Achieving Sürgünlik recognition, a tribute to Wrzesnewskyj’s tenacity

MP Borys Wrzesnewskyj

Marco Levytsky, Editorial Writer.

After two-and-a-half years and three attempts, it looks like Canada will finally join Ukraine, Latvia and Lithuania in recognizing Soviet dictator Joseph Stalin’s 1944 deportation of the Crimean Tatars as a genocide.

Last month marked the 75th anniversary of this traumatic event, which has become known as Sürgünlik, the word for exile in the Crimean Tatar language.

Starting on May 18, 1944, 200,000 Crimean Tatars were dragged from their home by NKVD special forces in the dead of night, packed into cattle cars, and shipped thousands of miles away. They were left without food, water or shelter. Thousands died in transit, thousands more in exile. Historical estimates of the dead run from 40,000 to 90,000 in total.

The reason this recognition has taken so long to come to fruition, as we have noted in the past, is that it has been kicked around like a political football by the two major parties. First, in December 2016, MP Kerry Diotte of the opposition Conservatives tried to pass a Private Member’s Bill establishing May 18 as a Memorial Day for Sürgünlik and recognizing it as a genocide. This was voted down 160-137 by the ruling Liberals because then-Foreign Affairs Minister Stephane Dion did not consider the deportation as a genocide and the order came down from the top to oppose that bill. (We should note that Canada has the most restrictive rules regarding party discipline of all the major countries that follow the Westminster parliamentary system – much more so than Australia, New Zealand or even Westminster [United Kingdom] itself). Five Liberals, including Etobicoke-Centre MP Wrzesnewskyj, broke ranks and supported it. Current Foreign Affairs Minister Chrystia Freeland who, as a member of cabinet (and as Minister of International Trade, Dion’s immediate subordinate) could not vote for it and expect to stay in cabinet, conveniently chose to be absent from parliament on the day of the vote.

But once she took over the Foreign Affairs portfolio from Dion, who subsequently retired from politics, the obstacle to Liberal recognition of Sürgünlik as genocide was removed. As a result, Wrzesnewskyj decided to introduce a motion calling for the same things Diotte’s bill had called for. In order to ease passage, he needed unanimous consent. He got it from the Liberals, the smaller opposition parties and independents. But when push came to shove last month, it was the Conservatives who denied it.

Their rationale was that a motion does not have the same clout as a bill, that there wasn’t enough consultation, and that Wrzesnewskyj’s motivation was “more to do with a desire to draw attention to himself and not to the importance of Sürgünlik commemoration”.

As we noted previously, this was far-fetched to say the least and was primarily dues to the desire of the Conservatives to take credit for this, should they form the next government.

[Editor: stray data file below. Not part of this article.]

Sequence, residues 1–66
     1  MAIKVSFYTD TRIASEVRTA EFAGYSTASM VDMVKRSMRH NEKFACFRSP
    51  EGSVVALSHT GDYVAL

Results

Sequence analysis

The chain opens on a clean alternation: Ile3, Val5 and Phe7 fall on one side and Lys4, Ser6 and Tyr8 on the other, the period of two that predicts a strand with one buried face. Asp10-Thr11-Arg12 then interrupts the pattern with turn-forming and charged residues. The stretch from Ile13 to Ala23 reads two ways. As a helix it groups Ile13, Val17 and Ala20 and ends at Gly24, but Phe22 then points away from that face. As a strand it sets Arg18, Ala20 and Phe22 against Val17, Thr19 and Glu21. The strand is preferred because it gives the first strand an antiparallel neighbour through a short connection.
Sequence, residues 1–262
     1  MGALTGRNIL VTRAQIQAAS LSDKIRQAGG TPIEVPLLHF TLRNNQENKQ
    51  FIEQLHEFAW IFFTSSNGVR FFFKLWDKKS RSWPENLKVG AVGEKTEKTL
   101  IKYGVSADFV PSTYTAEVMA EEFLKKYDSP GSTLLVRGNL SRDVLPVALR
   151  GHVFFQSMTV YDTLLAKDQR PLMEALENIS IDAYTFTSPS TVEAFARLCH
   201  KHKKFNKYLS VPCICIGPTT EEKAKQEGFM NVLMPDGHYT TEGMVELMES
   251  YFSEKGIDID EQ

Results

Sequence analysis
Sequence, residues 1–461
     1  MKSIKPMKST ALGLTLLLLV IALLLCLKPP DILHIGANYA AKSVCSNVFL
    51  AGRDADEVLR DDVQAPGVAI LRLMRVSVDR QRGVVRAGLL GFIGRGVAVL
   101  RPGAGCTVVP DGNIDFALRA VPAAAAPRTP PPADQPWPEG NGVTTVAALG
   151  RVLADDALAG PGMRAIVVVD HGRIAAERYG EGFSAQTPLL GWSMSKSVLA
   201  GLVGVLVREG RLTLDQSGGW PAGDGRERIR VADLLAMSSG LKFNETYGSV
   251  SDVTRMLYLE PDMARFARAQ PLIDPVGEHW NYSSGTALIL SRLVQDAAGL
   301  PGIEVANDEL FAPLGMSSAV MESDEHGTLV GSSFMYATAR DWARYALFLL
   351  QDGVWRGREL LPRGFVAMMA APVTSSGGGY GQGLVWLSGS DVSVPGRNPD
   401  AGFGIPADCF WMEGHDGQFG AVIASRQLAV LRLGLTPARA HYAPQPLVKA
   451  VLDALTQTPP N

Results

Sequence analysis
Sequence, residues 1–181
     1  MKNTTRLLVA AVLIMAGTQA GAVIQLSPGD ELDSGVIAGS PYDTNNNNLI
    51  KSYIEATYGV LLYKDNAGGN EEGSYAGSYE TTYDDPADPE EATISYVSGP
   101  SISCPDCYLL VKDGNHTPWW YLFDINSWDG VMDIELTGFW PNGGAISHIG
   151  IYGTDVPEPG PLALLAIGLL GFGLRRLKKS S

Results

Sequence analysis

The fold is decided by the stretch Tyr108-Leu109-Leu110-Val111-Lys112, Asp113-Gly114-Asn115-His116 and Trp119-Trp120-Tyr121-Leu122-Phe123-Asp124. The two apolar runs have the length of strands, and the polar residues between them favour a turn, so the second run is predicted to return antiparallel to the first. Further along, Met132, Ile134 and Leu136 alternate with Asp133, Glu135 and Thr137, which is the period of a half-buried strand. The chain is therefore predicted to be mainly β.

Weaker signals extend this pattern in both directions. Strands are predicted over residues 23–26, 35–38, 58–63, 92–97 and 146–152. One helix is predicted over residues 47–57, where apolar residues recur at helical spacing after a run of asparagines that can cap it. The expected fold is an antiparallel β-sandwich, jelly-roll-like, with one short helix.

But. Wrzesnewskyj was not deterred. June 10, opportunity presented itself for a third try when Russian pro-democracy opposition leader Vladimir Kara-Murza testified before the Foreign Affairs Committee about the worsening human rights situation in Russia and increasing numbers of political prisoners incarcerated by the Putin regime. Wrzesnewskyj used the opportunity to put a question to Murza about the plight of the Crimean Tatars and whether he would support a finding of genocide regarding the Sürgünlik. “I think it would be very important to make such a recognition,” answered Kara-Murza.

As a result, Wrzesnewskyj gave “Notice of Motion” on the matter. After the 48-hour wait period, this motion was moved, debated, and passed on June 13, getting unanimous support from all members, including the Conservatives, who, at first tried to drag this matter out in committee hoping it would go away, but finally relented.

June 19, the day before Parliament recessed for the summer, Michael Levitt, the Chair of the Foreign Affairs Committee tabled its report in the House. Once that was done, the Government has 120 days to respond Wrzesnewskyj, however, stuck in the word “immediately” into the motion, which demands a much sooner response. As an added measure it was passed unanimously, unlike most reports which contain a majority and minority position. The unanimity pretty well guarantees the government should approve. What’s more, Freeland, as Foreign Affairs Minister has been “absolutely supportive,” in Wrzesnewskyj’s own words.

While she has yet to make an official pronouncement as of yet, her media spokesperson, Adam Austen, has responded to this newspaper’s emails with the following statement: “In 1944, hundreds of thousands of Crimean Tatar children, women and men were forcibly deported from the Crimean Peninsula by Soviet authorities. Canada honours the memory of those who lost their lives and those others who suffered so greatly, including by supporting this important motion.”

So, we can assume that Canada’s recognition will finally be forthcoming. While, the tortuous route it has taken to get to this stage does not reflect well upon the performance of Canada’s major parties, it does stand out as a testament to MP Wrzesnewskyj’s tenacity.

Throughout his 12 years of service in the House of Commons, Wrzesnewskyj has consistently championed the Ukrainian community and our community’s interests. As he prepares for retirement in October, getting this recognition finally passed is a fitting finish to an outstanding legacy of service.